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The Cult of St Ursula and the 11,000 Virgins

The cult of St. Ursula and the 11,000 virgins was one of the most popular and relic-rich of all saints’ cults in the medieval period. In this volume, Jane Cartwright provides an interdisciplinary collection of essays that explore the medieval art and texts that were instrumental in the wide transmission of the legend of St. Ursula. The Cult of St Ursula and the 11,000 Virgins will appeal to art historians, as it details the origins of the popular symbols that appear in artistic depictions of St. Ursula and her martyred companions. The book will also be of great interest to students of medieval literature, history, gender studies, religious studies, and the history of music.

336 pages | 12 color plates, 3 halftones | 5 1/2 x 8 1/2 | © 2016

Religion: Religion and Society

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“Focusing on one of the most widespread and intriguing of saints’ cults, this collection of essays brings together a range of languages and disciplines to explore the complex implications of Ursula’s story and the light it sheds on attitudes towards gender and violence in medieval culture.”

Dafydd Johnston, University of Wales Centre for Advanced Welsh and Celtic Studies

“This is an important collection of essays that advances our understanding of this very significant cult, which was at once international and the subject of peculiar interest in medieval England and Wales. Jane Cartwright has brought together some very distinguished contributors who between them cover a great geographical range, from Iceland to Hungary. The book should be of interest to anyone concerned with medieval saints’ cults and legends, with images of female sanctity and with cultural and religious links between medieval Britain and the Continent.”

Barry Lewis, Dublin Institute for Advanced Studies

“Sancta Colonia, ‘Holy Cologne’, was an extremely rich medieval repository of Christian relics, and none of its churches more so than that of St Ursula, allegedly the daughter of a British king, and the eleven thousand virgins supposedly martyred with her. In this volume, the growth of Ursula’s legend, in traditions covering almost the entire continent of Europe, is examined for the first time in English, expertly and fascinatingly. The volume, which also includes discussion for the first time by the editor Jane Cartwright of the Middle Welsh version of the saint’s life, is to be warmly welcomed.”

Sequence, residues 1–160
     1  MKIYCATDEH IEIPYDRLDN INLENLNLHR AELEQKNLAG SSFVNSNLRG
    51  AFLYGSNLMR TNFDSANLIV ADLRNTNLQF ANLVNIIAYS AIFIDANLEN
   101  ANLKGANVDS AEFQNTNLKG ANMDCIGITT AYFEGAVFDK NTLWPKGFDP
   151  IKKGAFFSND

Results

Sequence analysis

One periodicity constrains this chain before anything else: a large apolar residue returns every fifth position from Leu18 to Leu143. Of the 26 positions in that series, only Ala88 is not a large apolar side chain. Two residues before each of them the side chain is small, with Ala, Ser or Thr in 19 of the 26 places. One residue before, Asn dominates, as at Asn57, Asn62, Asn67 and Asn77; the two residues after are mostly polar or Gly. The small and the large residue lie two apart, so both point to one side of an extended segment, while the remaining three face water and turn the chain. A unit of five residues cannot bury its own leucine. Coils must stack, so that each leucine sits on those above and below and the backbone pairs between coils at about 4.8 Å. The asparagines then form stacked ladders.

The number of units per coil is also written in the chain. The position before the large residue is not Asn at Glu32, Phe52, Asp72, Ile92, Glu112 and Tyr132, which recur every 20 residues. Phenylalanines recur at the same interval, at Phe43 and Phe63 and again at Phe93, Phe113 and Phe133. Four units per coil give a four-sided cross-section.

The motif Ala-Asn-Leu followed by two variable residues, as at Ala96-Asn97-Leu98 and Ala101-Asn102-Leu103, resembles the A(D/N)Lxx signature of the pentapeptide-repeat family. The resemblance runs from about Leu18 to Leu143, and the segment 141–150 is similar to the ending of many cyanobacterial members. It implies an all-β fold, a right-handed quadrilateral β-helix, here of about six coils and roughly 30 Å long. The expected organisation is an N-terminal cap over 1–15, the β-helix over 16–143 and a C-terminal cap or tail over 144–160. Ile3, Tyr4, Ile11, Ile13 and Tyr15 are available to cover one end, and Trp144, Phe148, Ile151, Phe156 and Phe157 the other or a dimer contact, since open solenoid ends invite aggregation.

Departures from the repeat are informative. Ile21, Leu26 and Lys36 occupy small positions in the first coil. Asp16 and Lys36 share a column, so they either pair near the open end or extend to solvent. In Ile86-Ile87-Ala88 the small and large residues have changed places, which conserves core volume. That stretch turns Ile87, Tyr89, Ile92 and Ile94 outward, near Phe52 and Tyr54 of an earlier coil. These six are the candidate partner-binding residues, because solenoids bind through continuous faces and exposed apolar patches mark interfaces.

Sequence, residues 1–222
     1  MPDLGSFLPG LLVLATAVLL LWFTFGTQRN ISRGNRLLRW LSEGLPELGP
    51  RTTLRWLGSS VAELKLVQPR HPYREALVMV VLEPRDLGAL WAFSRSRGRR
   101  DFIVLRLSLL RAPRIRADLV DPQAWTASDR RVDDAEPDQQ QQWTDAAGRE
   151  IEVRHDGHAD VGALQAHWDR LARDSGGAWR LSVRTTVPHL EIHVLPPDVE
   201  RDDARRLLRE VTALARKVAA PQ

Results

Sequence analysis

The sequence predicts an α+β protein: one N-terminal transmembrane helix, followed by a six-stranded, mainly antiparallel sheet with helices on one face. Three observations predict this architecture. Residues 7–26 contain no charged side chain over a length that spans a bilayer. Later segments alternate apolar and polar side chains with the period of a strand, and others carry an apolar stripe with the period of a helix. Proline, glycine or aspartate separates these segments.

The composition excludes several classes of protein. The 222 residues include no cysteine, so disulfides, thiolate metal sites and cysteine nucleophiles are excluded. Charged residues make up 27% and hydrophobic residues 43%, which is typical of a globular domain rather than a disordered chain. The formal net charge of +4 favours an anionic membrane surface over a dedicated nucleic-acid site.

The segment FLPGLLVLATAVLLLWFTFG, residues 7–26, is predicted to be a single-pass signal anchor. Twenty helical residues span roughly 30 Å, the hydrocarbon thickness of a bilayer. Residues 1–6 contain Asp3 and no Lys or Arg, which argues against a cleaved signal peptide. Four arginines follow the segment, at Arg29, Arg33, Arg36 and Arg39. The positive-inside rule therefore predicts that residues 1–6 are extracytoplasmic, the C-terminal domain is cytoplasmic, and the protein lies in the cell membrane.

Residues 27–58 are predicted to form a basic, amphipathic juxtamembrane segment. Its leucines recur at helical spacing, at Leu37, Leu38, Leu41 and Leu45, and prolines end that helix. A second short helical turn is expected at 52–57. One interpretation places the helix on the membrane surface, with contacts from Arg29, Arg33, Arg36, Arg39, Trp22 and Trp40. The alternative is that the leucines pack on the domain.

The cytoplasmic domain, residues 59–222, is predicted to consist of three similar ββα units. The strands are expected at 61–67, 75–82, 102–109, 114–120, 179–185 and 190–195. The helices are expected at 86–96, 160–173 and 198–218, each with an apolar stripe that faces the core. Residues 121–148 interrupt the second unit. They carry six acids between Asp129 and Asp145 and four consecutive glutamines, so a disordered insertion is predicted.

Pádraig Ó Riain, Aberystwyth University

“This edited collection of essays places Ursula, a Welsh saint and her cult, in an international context of religious literature, hagiography, and devotional practices in Medieval Europe. Wide ranging and multidisciplinary, it is a valuable resource and essential reading for anyone interested in the religious and political culture of sainthood and feminine sanctity.”

Cathryn A. Charnell-White, Head of Department of Welsh and Celtic Studies, Aberystwyth University

Table of Contents

List of Figures
List of Abbreviations
Jane Cartwright
1 What's in a Name? Navigating Nomenclature in the Cult of
St Ursula and the Eleven Thousand Virgins
Scott B. Montgomery
2 The Church of St Ursula in Cologne: Inscriptions and
Klaus Militzer
3 St Ursula and the Military Religious Orders
Helen Nicholson
4 From St Pinnosa to St Ursula- The Development of
the Cult of Cologne's Virgins in Medieval Liturgical Offices
Kristin Hoefener
5 Hildegard (1098-1179) and the Virgin Martyrs of Cologne
William Flynn
6 Ursula in the British History Tradition
Elizabeth J. Bryan
7 Saint Ursula and the Eleven Thousand Virgins: the Middle
English Legenda aurea Tradition
William Marx
8 The Middle Welsh Life of St Ursula and the 11,000 Virgins
Jane Cartwright
9 The Cult of St Ursula in Hungary: Legend, Altars and
Anna Tüskés
10 St Ursula and the 11,000 Virgins in Scandinavia and
Iceland in the Middle Ages
Margaret Cormack
11 Radiant Maidens and Butchered Brides: Finding St Ursula
in Icelandic Literature
Katelin Parsons
12 Male Martyrs, Female Models? St Ursula and St Acacius as
Leaders and Victims
Samantha Riches

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